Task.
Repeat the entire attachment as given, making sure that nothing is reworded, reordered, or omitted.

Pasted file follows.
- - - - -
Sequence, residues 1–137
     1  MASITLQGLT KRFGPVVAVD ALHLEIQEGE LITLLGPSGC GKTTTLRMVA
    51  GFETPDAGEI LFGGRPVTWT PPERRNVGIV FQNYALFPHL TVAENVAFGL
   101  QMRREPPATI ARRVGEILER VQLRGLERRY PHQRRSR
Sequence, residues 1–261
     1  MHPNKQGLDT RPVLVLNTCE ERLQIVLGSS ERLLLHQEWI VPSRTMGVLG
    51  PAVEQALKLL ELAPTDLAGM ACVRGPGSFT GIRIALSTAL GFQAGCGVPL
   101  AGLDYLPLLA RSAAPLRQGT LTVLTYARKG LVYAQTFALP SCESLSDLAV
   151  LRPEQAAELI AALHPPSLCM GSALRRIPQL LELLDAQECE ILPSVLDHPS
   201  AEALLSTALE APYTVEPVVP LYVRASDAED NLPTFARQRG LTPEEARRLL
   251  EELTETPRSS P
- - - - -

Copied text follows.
Sequence, residues 1–137
     1  MASITLQGLT KRFGPVVAVD ALHLEIQEGE LITLLGPSGC GKTTTLRMVA
    51  GFETPDAGEI LFGGRPVTWT PPERRNVGIV FQNYALFPHL TVAENVAFGL
   101  QMRREPPATI ARRVGEILER VQLRGLERRY PHQRRSR
Sequence, residues 1–261
     1  MHPNKQGLDT RPVLVLNTCE ERLQIVLGSS ERLLLHQEWI VPSRTMGVLG
    51  PAVEQALKLL ELAPTDLAGM ACVRGPGSFT GIRIALSTAL GFQAGCGVPL
   101  AGLDYLPLLA RSAAPLRQGT LTVLTYARKG LVYAQTFALP SCESLSDLAV
   151  LRPEQAAELI AALHPPSLCM GSALRRIPQL LELLDAQECE ILPSVLDHPS
   201  AEALLSTALE APYTVEPVVP LYVRASDAED NLPTFARQRG LTPEEARRLL
   251  EELTETPRSS P